Weather Wednesday: Why a winter drought doesn't matter that much for crops

In this week's Weather Wednesday, John Wheeler looks at why the rain we get in the summer is more important for crops than the snow we get now.

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Here in the Northern Plains, the ground freezes in winter to a depth of several feet.

Much of the water content held in the winter snow pack runs off into the rivers in spring. Surprisingly, little of that water in the snow gets absorbed by the soil.

Underneath the snow, soil conditions are dry. It was an exceptionally dry fall and up to now, the winter has produced very little snowfall.

Fortunately, it is winter and so our water needs are also smaller. But consider that a large part of the region has had around or less than two inches of rain and snow water content all the way back to Sept. 1.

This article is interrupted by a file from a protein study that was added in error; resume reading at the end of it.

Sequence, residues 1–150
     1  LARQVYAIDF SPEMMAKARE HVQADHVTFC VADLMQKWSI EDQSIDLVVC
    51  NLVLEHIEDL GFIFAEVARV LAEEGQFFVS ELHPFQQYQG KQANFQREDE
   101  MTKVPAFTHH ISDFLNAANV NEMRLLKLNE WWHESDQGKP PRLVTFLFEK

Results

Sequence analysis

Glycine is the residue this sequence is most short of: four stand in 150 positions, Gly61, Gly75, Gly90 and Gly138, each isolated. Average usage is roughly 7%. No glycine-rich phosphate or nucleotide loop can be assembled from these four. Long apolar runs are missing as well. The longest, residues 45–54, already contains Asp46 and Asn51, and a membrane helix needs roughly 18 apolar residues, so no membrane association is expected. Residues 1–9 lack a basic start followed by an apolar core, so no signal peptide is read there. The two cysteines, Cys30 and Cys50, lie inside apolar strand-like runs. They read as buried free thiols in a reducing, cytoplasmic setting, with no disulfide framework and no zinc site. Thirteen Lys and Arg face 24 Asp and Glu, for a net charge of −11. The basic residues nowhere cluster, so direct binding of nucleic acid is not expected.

More than half of the state of North Dakota is currently under a Severe Drought condition and the rest of the tristate area is at least dry.


Because winter snow is not that good at replenishing soil moisture, it’s our summer rains that really matter when it comes to drought.

Our region gets well over half its annual precipitation in just one third of the year, from May through August. However, most of that rain comes from thunderstorms, which distribute rainfall very unevenly.

To recharge the water table and grow healthy crops, we’ll need summer rains. A drought in the middle of winter isn’t really that important.

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